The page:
When a singer finally decides to branch out from singing as a group in a choir and perform solo, everyone wants to be able to sing like Adele, no effort needed. Unfortunately, it takes a bit more than that. Do you think Ariana Grande was able to belt out Dangerous Woman without a bit of practice and technique? She didn’t just wake up one day simply being able to sing like a powerful goddess. So, when you’re preparing a song, these 5 things will help you achieve an awesome performance.
Definitely one of the most important singing techniques is your tone. You don’t want to be singing a sad song in the tone of a rock singer, so you need to decide what genre best suits your voice or best suits your music tastes and work on what makes that style into that style. Rock songs for example are usually sung with a clear, often nasily tone. This can be achieved by singing mainly in your chest voice and your mixed voice so you can belt out the awesome Dave Grohl sound. For me, the more glottal, the better when I sing rock. Slow, soft, emotional songs however, often use more of a breathy, light tone. Take Birdy for example, she uses mainly her head voice and her falsetto by moving the sound up to the top of her head so that she can sweetly serenade her audience. Those types of songs sit mainly towards the back and top of your head whereas rock songs sit mainly at the front and in the chest/mixed region.
Now I know what you’re thinking when you start singing and people tell you that you need to learn how to breathe properly. You’re thinking, breathe? I know how to breathe. In, out, repeat. You don’t have to think about it right? But, sorry, it takes a bit more than that. When you take a deep breath in, you’re not supposed to lift your shoulders all the way up to your ears and suck in your stomach. No, no. It’s all about breathing the air into your stomach. And yes, you may look slightly larger in the stomach region than usual, but to get the fantastic breath support that you need for a killer performance, that’s just what you have to do. You may have heard the phrase “use your diaphragm,” but what does that actually mean? The diaphragm is a muscle that sits just below your lungs and it allows you to get great breath support so you can sustain those crazy long notes you hear some singers achieve on the radio. The end of Sweet Child O’ Mine for example? Breath support! So, put your hands on your stomach with your fingers touching in the middle and breathe in. If your stomach expands and your fingers can’t touch anymore, you’re doing it right!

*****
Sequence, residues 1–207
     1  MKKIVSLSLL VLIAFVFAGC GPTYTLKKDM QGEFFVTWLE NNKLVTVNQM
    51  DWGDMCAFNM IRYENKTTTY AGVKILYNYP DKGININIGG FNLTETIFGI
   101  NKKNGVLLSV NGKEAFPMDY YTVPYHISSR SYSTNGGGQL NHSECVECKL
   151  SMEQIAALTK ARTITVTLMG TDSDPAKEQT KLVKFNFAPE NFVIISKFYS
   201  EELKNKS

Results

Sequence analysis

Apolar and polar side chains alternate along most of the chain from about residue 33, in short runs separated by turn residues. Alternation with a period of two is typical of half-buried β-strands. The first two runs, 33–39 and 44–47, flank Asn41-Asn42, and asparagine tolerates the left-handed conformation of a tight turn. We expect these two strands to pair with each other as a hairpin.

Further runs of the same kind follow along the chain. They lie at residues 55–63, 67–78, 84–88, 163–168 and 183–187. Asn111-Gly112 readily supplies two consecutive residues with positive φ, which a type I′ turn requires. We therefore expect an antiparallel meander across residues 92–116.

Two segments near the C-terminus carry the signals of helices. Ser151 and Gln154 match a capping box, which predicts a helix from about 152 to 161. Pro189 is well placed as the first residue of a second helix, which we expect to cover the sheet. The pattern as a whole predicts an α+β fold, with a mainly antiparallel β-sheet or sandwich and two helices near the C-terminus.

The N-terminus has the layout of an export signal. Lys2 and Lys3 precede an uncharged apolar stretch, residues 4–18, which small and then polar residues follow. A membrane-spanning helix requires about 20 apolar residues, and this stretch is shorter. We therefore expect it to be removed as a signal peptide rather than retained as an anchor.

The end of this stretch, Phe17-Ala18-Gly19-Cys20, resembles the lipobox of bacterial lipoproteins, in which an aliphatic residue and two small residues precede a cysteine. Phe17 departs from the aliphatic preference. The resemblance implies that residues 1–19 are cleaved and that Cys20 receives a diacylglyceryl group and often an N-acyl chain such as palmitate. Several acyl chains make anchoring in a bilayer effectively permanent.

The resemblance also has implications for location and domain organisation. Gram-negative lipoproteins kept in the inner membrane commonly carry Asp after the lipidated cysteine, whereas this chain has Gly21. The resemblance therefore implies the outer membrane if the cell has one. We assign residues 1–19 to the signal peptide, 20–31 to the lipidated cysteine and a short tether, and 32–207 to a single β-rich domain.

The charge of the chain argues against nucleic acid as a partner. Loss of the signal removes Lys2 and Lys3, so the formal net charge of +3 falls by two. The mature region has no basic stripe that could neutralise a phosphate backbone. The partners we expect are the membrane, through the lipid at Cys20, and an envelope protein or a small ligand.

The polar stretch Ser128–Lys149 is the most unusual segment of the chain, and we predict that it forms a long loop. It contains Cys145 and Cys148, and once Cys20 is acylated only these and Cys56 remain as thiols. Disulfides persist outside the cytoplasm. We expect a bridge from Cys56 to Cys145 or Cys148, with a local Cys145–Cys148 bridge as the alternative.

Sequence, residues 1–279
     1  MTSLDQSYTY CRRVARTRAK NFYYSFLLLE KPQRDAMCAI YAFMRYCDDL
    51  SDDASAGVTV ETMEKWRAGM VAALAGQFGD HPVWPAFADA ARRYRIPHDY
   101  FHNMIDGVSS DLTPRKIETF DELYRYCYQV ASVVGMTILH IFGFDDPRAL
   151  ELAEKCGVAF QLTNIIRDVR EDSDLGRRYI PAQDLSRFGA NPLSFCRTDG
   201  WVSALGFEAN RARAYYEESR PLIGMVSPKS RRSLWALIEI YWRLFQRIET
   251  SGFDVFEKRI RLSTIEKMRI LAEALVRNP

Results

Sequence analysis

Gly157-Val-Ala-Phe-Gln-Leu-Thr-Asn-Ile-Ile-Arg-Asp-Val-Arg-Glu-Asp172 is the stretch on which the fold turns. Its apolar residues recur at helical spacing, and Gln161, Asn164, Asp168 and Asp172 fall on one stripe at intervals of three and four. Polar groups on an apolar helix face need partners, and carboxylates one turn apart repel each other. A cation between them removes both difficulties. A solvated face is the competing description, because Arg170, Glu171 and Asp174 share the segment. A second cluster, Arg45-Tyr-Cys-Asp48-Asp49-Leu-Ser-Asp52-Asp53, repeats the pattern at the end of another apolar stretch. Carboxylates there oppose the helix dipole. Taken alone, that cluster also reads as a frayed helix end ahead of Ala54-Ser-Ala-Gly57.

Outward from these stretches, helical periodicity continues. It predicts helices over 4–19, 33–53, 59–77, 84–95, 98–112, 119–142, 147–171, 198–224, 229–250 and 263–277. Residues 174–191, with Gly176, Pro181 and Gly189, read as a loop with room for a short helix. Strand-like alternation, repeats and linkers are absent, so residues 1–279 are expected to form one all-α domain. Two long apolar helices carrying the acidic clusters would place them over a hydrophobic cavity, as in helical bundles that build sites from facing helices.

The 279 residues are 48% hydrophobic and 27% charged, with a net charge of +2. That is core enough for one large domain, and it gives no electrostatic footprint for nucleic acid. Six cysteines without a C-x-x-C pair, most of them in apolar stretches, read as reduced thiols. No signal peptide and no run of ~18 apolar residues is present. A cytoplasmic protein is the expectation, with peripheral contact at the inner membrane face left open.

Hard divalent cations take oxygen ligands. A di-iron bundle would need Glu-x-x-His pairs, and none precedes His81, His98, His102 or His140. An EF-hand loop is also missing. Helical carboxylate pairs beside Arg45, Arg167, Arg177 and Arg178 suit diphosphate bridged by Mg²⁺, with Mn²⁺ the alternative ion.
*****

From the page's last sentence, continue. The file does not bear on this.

Ah, the good old articulation. Basically all it is, is making sure the audience can understand what you’re saying. It sounds very easy, but often it isn’t. The words may sounds clear to you but they may not be. Most of the time it’s about the shapes of your vowels. When we sing, we have a tendency to close off our vowels, especially if it’s at the end of a long note. This can squash the word and people may not be able to understand you. Also, sometimes singers won’t pronounce the consonants at the ends of the words, so back can sounds like ba, and start can sound like star. Sometimes we can try to mimic an artist’s tone and overdo it which can also make the words maybe a little bit blurry. If you find that you have these problems, try over-pronouncing your words at first and then singing properly, this will build the muscle memory and you won’t have to think about it as much. You can also try speaking the words and then singing them with a similar tone. Sometimes we can try to mimic an artist’s tone and overdo it which can also make the words maybe a little bit blurry.
Now, I’m not saying you can’t be nervous. Nerves are good because they bring more energy into the performance and they provide that spark that makes it great. However, you probably don’t want to go on stage and sing as quiet as a mouse because you’re too nervous to even blink. Building confidence is something most singers struggle with. It’s not easy to get up and sing for a bunch of people, because you’re afraid of what they might think. It just comes with practice and pushing your boundaries. The hardest part is getting past the first performance. It doesn’t even have to be on a stage, it can be in your lounge room in front of your family if that’s where you feel most comfortable. From there, the performing will get easier. Sure, you still get the shivers and tingles before you step out onto the stage, but coupled with excitement, the nerves add the personality to the performance. Once your confidence is built up, you’ll be able to perform like a major rock star, it just takes some practice.